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  • David A. Case

Baby Steps


Baby Steps

“You don’t know what is going on inside of me!”

I don’t know how many times I have heard that statement. People have a stubborn belief that they know themselves better than anyone else knows them. Almost without exception, those who say those words are defending a broken mess, not knowing how to handle it themselves, but not willing to let anyone else in.

Teenagers naturally go through a process of separating from adults, a process of becoming independent. To help them feel good about that transition, many of them buy in to some of the cultural justifications for rejecting the input of those around them. “You can’t tell me what to do.” “It is none of your business.” “I’m going to live my own life.”

We say many things to try to deny the reality that we all share outcomes. “None of your business” may sound good. And yes, there are places where privacy is needed and healthy. But the truth is that every action of every person does have some degree of impact on others.

Openness. Accountability. These go against the grain of a nation where independence is exalted. To the rugged individualist, accountability just feels wrong. “I’m a grown woman!” “I haven’t been treated like that since I was a child.” These are the kind of things we hear in our addiction program when we ask for basic accountability. The problem is that those we are talking to have earned the right to be treated like a child!

The other problem is that accountability for accountability sake doesn’t work. A person can be accountable to others for years and not get heart change. He can see no real change in his life outcomes. Why? Accountability is merely a baby step toward the thing that will bring real change: trust.

I tell our leaders that accountability is nothing unless it leads to trust. And trust won’t happen unless those in authority respond to accountability in a way that builds trust. When those who are in authority belittle or demean those they are “covering,” trust is done. When the leaders use excessive force or control tactics, trust is done. The overbearing leader might get compliance, but he does not build trust.

Trust happens when those in leadership ask smart questions. The person offering the accountability needs to know that those who are leading him have his best interests at heart. Two great questions for leaders to ask those coming to them are “Is it safe?” and “Is it smart?” The “Is it safe?” question is clearly worded in the context of an addiction recovery program. “Will this decision increase your chances of using?” or “Is it safe?”

The key is for leaders to truly ask questions of those they are working with that communicate “I am listening to you.” “I want what is best for you.” These questions build trust and they tend to produce openness. With openness comes better information. With better information comes better decisions. With better decisions comes better outcomes.

Many times, accountability is used as a power tool to force an almost brutal submission. Forced submission almost never results in heart change because it doesn’t produce trust. Accountability done right is a baby step toward trust. It is trust that leads to heart change and then better outcomes.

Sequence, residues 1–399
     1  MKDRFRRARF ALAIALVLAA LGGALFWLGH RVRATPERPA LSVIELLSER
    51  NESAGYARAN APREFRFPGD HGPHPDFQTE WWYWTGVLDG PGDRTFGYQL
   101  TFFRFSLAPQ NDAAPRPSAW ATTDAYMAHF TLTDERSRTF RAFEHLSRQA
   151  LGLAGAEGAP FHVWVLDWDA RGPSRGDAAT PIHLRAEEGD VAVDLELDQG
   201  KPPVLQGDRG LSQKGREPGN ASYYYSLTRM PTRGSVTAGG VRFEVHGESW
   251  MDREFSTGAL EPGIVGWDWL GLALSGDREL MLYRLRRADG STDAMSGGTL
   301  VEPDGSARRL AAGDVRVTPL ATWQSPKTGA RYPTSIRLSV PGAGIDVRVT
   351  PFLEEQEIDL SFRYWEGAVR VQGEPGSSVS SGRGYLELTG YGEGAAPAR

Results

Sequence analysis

Instead, we look to a power relationship that forces better behavior … as if that could change anything. It might work for a while with young children. But in the long run, if something doesn’t build trust, it is building independence. Independence strengthens the lie that my actions are no one else’s business, so I can do whatever I want—the total opposite of accountability.

Listening is a good first step. Affirming others wherever possible also builds trust. Asking the kind of questions that cause others to think in a helpful way is also essential. Instead, we live in a country where those in competing political cultures are choosing to shout past one another. The divide simply deepens. It is so similar to the addict who thinks he knows himself and what is good for him when he doesn’t have a clue.

It takes effort on both sides. The broken person needs to surrender his stubborn will. The leader needs to affirm and nurture. Once trust is starting, then the leader can ask for more baby steps—more openness and accountability. Trust is what brings heart change, and trust happens one step at a time.

There are those times when a person will take a leap of trust. There are times when a person has enough commitment to endure a harsh approach, and the more dictatorial authority completely changes the life of the one on the receiving end. But I find that those are the exceptions.

Heart change happens when there is trust. Are you giving anyone in your life enough openness and accountability so that you can truly draw life from them? Are you being the kind of influencer that would cause others to want to trust you?

Building a trust environment may be the single most important thing we can do for one another and for our nation. Compared to what I see happening, it offers a real solution. Baby steps. Openness. Accountability. Listening. A trust environment. Are you part of the solution?


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